Grant Abstract: Intestinal Biotin Absorption: Physiological and Pathophysiological Aspects

Grant Number: 5R01DK058057-18
PI Name: Said
Project Title: Intestinal Biotin Absorption: Physiological and Pathophysiological Aspects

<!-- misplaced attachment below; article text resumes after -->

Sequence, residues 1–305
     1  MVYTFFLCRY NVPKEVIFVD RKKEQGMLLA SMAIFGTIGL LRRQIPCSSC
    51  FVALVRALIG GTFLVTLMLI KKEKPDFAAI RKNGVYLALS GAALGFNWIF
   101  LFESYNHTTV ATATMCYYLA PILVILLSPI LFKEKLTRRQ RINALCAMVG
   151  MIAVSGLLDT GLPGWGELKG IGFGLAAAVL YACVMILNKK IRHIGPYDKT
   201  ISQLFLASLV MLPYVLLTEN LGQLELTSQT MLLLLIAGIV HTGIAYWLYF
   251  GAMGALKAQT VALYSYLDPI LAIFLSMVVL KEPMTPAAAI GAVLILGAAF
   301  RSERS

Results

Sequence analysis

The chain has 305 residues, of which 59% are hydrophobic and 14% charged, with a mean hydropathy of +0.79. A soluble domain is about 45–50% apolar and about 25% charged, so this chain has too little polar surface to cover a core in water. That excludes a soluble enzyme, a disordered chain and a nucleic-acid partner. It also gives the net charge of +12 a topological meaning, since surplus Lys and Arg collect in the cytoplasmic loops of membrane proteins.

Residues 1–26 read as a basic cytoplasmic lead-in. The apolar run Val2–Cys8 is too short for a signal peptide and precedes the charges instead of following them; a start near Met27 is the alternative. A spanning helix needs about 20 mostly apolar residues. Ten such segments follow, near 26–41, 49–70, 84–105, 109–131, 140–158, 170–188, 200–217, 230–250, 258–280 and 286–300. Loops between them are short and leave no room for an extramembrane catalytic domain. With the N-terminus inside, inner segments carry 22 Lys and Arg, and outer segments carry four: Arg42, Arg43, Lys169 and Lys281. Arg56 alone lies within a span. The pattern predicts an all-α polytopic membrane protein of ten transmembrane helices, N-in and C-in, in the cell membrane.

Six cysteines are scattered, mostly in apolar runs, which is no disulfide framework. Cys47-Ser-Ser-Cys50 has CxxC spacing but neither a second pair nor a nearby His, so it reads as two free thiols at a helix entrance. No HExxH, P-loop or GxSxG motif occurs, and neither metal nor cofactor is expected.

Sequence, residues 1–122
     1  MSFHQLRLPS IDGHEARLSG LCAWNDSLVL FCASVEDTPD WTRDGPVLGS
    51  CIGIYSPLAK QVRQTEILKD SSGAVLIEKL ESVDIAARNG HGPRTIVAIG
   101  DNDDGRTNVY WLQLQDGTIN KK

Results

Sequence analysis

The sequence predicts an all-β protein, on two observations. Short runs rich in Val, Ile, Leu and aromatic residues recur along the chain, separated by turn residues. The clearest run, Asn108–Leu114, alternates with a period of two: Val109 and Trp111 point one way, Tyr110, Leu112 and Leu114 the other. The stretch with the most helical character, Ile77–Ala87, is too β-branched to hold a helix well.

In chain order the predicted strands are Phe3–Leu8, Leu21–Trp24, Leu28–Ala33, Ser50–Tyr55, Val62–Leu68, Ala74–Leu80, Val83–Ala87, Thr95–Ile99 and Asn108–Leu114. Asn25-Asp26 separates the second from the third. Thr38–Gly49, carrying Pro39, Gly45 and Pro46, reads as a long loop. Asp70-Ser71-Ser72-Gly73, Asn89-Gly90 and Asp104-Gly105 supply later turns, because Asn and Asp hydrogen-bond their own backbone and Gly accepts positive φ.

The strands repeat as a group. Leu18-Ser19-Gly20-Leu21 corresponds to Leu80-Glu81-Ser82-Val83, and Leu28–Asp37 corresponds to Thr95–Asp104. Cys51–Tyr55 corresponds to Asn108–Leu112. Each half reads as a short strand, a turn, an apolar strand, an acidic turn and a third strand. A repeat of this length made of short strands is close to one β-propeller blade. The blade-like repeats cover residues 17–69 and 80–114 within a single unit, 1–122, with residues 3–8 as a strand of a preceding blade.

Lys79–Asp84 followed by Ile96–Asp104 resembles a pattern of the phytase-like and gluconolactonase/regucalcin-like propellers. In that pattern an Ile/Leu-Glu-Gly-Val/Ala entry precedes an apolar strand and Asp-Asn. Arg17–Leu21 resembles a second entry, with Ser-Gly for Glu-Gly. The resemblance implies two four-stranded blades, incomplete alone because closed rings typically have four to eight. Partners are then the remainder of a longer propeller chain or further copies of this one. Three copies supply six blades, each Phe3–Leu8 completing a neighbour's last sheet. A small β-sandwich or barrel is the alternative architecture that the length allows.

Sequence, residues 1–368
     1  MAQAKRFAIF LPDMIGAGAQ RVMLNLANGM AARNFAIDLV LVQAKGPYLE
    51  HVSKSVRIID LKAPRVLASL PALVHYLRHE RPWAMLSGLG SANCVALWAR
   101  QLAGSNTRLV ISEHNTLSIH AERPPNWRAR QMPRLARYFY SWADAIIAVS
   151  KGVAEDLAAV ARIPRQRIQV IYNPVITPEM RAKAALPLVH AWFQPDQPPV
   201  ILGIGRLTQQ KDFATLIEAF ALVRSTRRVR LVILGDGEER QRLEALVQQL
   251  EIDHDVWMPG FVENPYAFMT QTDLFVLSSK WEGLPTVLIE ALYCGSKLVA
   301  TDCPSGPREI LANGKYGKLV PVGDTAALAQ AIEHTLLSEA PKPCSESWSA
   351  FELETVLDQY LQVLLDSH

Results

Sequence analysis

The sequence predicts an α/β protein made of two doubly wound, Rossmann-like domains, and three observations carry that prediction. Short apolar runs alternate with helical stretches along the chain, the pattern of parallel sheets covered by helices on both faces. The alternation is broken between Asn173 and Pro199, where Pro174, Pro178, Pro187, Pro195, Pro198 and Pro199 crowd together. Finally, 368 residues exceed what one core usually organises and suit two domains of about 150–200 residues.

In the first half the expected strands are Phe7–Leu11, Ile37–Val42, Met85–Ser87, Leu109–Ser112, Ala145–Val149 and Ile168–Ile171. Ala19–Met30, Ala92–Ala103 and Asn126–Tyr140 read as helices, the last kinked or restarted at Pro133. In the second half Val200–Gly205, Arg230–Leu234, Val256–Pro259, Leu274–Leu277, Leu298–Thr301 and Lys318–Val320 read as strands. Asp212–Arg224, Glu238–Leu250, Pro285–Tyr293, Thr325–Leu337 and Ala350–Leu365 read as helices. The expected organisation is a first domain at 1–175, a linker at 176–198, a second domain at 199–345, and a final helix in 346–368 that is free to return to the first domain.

Abstract: The long-term objectives of this renewal application continue to focus on investigating the molecular physiology of the intestinal absorption process of the water- soluble vitamin biotin, the transport system involved, i.e., the Sodium-dependent Multi- Vitamin Transporter (SMVT), and how the absorption process is affected by external/environmental factors and pathophysiological conditions. Biotin is indispensable for normal cellular metabolism, proliferation and survival. The vitamin acts as a co-factor for multiple carboxylases that play critical roles in fatty acid, glucose and amino acid metabolism. Emerging evidence also highlight an important roles for biotin in immune function and in gene expression. Humans and other mammals cannot synthesize biotin, and thus, must obtain the vitamin from exogenous sources via intestinal absorption. Intestinal absorption of biotin occurs via a Na+-dependent and regulated carrier-mediated process. In studies performed during the current funding period, we have generated a conditional (intestine-specific) SMVT- knockout (KO) mouse model to establish the relative contribution of SMVT toward intestinal carrier-mediated biotin absorption and obtained evidence that this system is the only biotin uptake system that operates in the gut. Unexpectedly, however, we came across a very interesting phenomenon in that all the SMVT KO mice developed spontaneous chronic intestinal inflammation, especially in the cecum. In other studies, we found that chronic alcohol exposure significantly inhibit intestinal biotin uptake and that the inhibition is mediated at the level of transcription of the SLC5A6 gene (the gene that encodes SMVT); our new preliminary findings suggest that the latter is, at least in part, mediated via epigenetic mechanism(s). In other new preliminary studies, we found that infecting mice with S. Typhimurium, and exposure to pro-inflammatory cytokines or to bacterial LPS to lead to a significant inhibition in intestinal biotin uptake. Based on our recently published observations and our new preliminary findings, our working hypotheses in this proposal are that the SMVT system is important for the maintenance of normal intestinal immunity and integrity, and that Salmonella infection, as well as exposure of the gut to pro-inflammatory cytokines or to bacterial LPS lead to a significant inhibition in intestinal biotin uptake. We also hypothesize that the inhibition in SLC5A6 transcription by chronic alcohol exposure is mediated, at least in part, via epigenetic mechanism(s). Three specific aims are proposed to test these hypotheses and will utilize state-of-the-art in vitro and n vivo physiological, cellular and molecular approaches. Results of these investigations should provide novel and valuable information regarding the role of SMVT in the maintenance of normal intestinal homeostasis and health, and on how infection with enteric pathogens (Salmonella), as well as exposure to pro-inflammatory cytokines (as in IBD), and to bacterial LPS (as in infection with gram negative bacteria) affect the absorption of the indispensable micronutrient biotin. The results should also shed further light onto how chronic exposure to alcohol (the most common and costly drug abuse, and a significant contributor to many disease categories) affect the normal physiology of intestinal biotin absorption.

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